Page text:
There are many places on GOV.UK where users enter their postcode to find services local to them. These include services provided by their local authority, such as paying council tax or disposing of hazardous waste, or finding the nearest number plate supplier.
These postcode lookups are used hundreds of thousands of times each month, and it’s obviously important that users get matched to the correct results.
Behind the scenes, these lookups used a combination of datasets from different sources to match a postcode to a geographical area or local authority. This was a very hands-on process, requiring regular updates by our developers as new data became available. This happened when new postcodes were created or local authorities merged, or their boundaries changed. The new data needed to be manually imported, which took a long time and generally required additional tweaking of the data to make it work properly. Between updates, users would potentially be getting incorrect information.
It was also slow and difficult to scale up the lookups when there was more demand - we found during some peak times that things struggled and users couldn’t get results.
What we did
After a thorough review process, we concluded that we should move to using an API-based solution, which means the data is fetched regularly and automatically.
When exploring this type of solution, we considered a few factors:
Reliability and scalability
How many requests can the solution handle? At the peak of coronavirus tier checking, our postcode checker was receiving up to 6,000 requests per second.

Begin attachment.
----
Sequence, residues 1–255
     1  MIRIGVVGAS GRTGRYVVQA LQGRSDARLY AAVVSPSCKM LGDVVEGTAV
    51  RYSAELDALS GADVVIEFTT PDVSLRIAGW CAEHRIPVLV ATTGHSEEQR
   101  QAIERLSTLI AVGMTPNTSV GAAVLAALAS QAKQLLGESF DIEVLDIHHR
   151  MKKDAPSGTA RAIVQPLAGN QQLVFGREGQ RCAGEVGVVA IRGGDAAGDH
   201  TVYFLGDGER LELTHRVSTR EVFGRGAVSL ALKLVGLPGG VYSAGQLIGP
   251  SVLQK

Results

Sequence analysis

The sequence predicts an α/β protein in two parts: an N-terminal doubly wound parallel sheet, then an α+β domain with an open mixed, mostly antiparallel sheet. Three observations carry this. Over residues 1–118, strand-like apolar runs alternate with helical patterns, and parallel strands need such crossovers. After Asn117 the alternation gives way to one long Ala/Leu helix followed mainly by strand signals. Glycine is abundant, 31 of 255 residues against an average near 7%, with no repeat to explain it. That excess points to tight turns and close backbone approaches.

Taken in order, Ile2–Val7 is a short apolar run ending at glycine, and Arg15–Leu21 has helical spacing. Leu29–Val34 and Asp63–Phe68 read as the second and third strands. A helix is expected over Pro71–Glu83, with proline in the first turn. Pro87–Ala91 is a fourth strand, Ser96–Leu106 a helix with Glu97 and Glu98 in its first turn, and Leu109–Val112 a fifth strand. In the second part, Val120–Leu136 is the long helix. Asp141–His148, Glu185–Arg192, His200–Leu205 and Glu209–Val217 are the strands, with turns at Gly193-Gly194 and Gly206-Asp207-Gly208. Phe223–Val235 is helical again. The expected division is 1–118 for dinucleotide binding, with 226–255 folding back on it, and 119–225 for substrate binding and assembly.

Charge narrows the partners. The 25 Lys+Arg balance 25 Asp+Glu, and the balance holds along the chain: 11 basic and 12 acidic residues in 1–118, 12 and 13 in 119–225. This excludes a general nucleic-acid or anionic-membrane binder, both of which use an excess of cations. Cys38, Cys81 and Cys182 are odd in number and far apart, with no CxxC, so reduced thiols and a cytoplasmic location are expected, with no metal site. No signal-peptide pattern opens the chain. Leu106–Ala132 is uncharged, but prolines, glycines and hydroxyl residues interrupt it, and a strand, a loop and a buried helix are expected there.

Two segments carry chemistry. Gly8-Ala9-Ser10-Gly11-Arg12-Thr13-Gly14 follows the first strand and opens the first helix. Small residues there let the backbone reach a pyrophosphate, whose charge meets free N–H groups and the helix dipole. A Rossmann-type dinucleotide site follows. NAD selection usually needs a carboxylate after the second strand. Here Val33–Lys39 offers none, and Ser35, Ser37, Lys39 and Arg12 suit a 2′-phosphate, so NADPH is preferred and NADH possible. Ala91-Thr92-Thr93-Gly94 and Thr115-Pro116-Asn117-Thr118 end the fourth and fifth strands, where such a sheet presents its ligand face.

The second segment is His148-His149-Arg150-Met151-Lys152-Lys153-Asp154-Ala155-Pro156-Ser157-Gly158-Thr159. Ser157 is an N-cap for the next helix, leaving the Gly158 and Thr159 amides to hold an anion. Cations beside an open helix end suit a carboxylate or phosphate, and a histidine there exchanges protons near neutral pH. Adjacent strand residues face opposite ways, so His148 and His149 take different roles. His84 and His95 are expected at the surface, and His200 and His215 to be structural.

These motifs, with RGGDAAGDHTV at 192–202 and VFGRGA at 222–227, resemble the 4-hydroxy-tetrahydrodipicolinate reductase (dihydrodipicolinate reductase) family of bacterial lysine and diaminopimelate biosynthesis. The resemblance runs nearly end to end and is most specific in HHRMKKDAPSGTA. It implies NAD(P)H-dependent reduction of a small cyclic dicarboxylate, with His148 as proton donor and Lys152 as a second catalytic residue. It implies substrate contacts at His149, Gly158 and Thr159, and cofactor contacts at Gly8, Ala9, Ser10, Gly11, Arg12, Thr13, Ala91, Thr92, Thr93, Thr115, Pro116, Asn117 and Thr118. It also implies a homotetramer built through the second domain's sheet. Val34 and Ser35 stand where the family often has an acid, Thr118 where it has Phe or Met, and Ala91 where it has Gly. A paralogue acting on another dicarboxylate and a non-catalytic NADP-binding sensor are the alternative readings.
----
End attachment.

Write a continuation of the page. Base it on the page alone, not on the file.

How frequently will the data be updated, so that users receive accurate results? Our developers manually updated the data every 3 months so we were looking for something more frequent but with less manual work needed.
We needed to make sure we were spending taxpayers’ money efficiently and delivering great value.
We carried out some investigations to ensure that there were no technical limitations preventing us from integrating the API into our systems.
Ultimately, we settled on using the Ordnance Survey’s (OS) Places API. This ended up being the best solution for a couple reasons. Firstly, GOV.UK can access the API for free under the Public Sector Geospatial Agreement. Secondly, their data is updated daily (compared to every 3 months when we updated the data manually) and their API has a 99.9% uptime.
To make the Places API work best for us, we built our own application, called Locations API, which fetches data from the OS and stores it ready for our various tools to use. This means we have full control over how it works with those tools, and can easily and quickly scale it up if necessary.
We had to make some changes to our tools that use the data, as they work with slightly different data structures.
We took care to design our application so that it doesn’t overload the Ordnance Survey’s system, using what’s known as a caching approach. In practice this means our application stores all of the postcode data and continually checks them against the OS Places API. We do this at a rate well within the API’s threshold of 600 requests per minute, cushioning the impact of any spikes in demand.
What this means
As a result of these changes, users entering their postcode to find information local to them will get more accurate results. We also plan to make use of the new data source to improve how we deal with situations where a user’s postcode spans several local authorities.
Also, far less developer time and effort is now needed to maintain things. The system runs automatically and requires minimal maintenance.